Small businesses often have less resources to devote to such a venture. Rather than absorb the huge cash outlay of on-site infrastructure, many companies look to the cloud, and pay for these services via an ongoing—and more financially palatable—monthly service fee. The cloud also proves a beneficial platform with minimal investment for non-data centric companies, start-up businesses, or for organizations looking to launch a new product venture.

When D&H was faced with whether to move its business applications to the cloud, fiscal accountability drove us to consider the breadth of our unique internal resources. As a large-scale North American technology distributor, D&H has access to IT equipment, resources, and talent that many other businesses don’t have. We maintain an extensive data center staffed with highly skilled IT personnel, in addition to an on-site solar farm that reduces our electricity costs. With such resources on-hand, a solution that is primarily premises-based makes sense.

In truth, most companies that our reseller customers encounter have adopted some form of hybrid cloud/ premises model—and so has D&H. As we celebrate 100 years in business, our long-established focus on innovation and commitment to cutting-edge protocols persists. Yet our growth is dictated by both technical and financial sensibility, not trends. We continue to evaluate cloud applications on a case-by-case basis.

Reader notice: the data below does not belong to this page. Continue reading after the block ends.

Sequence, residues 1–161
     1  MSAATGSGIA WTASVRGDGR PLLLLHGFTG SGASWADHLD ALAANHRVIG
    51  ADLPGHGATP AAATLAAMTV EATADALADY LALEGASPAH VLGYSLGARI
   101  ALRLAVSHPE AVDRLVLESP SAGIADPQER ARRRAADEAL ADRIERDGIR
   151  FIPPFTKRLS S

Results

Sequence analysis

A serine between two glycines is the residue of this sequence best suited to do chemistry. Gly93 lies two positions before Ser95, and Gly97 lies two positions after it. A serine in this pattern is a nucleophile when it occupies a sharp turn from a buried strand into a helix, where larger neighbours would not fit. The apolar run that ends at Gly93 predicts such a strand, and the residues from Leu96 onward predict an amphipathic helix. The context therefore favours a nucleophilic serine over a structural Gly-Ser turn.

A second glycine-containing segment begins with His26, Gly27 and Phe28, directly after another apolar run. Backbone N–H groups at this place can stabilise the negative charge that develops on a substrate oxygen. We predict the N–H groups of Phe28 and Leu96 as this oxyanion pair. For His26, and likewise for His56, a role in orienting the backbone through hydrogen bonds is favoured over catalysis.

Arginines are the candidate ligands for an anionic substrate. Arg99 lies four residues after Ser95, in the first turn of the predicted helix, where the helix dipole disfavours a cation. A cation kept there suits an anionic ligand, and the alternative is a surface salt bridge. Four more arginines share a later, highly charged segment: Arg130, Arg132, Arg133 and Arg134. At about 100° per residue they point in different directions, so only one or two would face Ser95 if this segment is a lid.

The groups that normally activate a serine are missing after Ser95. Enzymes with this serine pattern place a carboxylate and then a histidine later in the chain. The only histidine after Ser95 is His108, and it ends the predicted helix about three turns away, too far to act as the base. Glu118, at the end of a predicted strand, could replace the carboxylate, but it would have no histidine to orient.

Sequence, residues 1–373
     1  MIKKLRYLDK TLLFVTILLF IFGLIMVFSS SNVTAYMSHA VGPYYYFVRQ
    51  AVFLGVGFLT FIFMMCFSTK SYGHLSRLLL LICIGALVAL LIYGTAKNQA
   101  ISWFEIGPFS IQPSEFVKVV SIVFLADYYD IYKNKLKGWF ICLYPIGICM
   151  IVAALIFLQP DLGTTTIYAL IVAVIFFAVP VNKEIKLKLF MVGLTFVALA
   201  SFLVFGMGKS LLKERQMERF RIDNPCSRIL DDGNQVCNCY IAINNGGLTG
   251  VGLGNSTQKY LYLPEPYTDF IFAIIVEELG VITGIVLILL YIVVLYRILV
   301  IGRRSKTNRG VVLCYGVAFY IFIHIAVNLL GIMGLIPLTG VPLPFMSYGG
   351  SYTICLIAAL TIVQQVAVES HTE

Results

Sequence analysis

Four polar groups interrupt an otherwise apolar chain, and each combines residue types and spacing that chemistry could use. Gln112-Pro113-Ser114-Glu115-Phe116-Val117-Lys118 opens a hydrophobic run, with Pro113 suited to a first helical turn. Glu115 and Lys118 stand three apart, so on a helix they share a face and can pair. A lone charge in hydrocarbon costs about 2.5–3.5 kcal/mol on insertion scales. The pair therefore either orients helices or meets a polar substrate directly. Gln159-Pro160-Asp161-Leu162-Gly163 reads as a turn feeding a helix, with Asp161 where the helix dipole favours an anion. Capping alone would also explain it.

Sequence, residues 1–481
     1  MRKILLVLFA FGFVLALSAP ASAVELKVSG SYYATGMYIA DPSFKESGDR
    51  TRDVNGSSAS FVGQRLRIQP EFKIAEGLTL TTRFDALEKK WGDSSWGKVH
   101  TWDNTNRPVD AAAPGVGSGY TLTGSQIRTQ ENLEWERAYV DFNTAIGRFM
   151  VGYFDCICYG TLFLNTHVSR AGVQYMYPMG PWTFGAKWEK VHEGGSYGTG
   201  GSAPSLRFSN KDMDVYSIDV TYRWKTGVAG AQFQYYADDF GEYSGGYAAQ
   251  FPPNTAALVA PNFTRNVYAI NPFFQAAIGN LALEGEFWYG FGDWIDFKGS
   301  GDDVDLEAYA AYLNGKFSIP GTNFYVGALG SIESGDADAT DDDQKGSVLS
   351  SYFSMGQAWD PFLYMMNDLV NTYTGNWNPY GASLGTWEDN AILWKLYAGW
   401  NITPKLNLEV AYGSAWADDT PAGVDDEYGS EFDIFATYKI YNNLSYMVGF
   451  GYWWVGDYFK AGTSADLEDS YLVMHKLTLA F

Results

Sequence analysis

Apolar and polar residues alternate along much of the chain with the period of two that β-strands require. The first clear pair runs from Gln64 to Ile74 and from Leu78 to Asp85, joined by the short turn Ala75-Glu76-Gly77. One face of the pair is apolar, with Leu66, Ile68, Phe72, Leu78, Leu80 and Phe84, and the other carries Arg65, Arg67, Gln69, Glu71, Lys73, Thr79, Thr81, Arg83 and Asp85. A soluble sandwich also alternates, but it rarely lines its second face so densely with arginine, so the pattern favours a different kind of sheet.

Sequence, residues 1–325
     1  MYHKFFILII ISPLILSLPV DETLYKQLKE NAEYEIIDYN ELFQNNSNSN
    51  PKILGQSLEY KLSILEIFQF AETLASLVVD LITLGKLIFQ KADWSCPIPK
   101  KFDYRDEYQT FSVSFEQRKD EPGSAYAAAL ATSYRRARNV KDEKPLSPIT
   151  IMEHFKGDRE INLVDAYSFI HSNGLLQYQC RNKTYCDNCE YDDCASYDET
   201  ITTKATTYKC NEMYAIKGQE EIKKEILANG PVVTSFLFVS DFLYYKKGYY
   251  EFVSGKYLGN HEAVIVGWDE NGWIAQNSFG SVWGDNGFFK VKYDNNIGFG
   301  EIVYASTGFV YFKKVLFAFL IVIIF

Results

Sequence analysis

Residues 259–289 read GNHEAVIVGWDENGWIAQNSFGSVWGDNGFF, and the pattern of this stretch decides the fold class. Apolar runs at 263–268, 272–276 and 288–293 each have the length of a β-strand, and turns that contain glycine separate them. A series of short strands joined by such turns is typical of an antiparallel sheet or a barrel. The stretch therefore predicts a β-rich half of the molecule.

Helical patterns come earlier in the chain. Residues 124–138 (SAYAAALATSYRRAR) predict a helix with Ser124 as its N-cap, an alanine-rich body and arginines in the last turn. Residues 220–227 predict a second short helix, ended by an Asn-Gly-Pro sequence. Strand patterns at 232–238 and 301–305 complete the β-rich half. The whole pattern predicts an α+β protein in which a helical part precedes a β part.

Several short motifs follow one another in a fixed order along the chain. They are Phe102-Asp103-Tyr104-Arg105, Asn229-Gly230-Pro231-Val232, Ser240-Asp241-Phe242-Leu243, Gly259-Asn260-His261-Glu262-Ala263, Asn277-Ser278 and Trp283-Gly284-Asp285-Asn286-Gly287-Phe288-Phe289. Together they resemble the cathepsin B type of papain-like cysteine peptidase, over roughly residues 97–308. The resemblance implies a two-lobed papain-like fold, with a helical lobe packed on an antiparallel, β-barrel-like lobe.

"Cloud environments present a logical, alternative budgetary option for many organizations that can’t afford the upfront investment to build or maintain their own, on-premises datacenter"

In that light, here are some recommendations for CIOs when considering cloud-based infrastructures:

• Choose the right provider. Not all cloud vendors are equal. Make sure your partners are reputable. Consider the provider’s longevity in the marketplace, audit their performance, and obtain quality references.

• Stress security. You’re entrusting your data and business applications to a third party, so investigate the provider’s security claims.

• Consider your length of term. No one can predict the future. Think about your growth plans and where you’ll be in five or even ten years. Ask your provider how easily their solution can scale as your business grows. While vendors make it easy to migrate to the cloud, it’s more of a challenge to move in the other direction, so inquire about exit options.

• Document your service level agreements. Be sure that the level of support offered by your cloud is adequate and accommodates your business model. Make sure you can work within their policies regarding down time for software upgrades or network failures. If your organization requires “five-nines,” or 99.999 percent uptime, make sure your cloud provider is capable of that level of support, and that you have it in writing.

There’s no “one size fits all” solution when it comes to migrating to hosted infrastructures. Today’s best options are no longer black and white. Your decision must be needs-based, considering short- and long-term costs and existing resources, rather than based on a misconception that cloud is the only viable protocol of the future.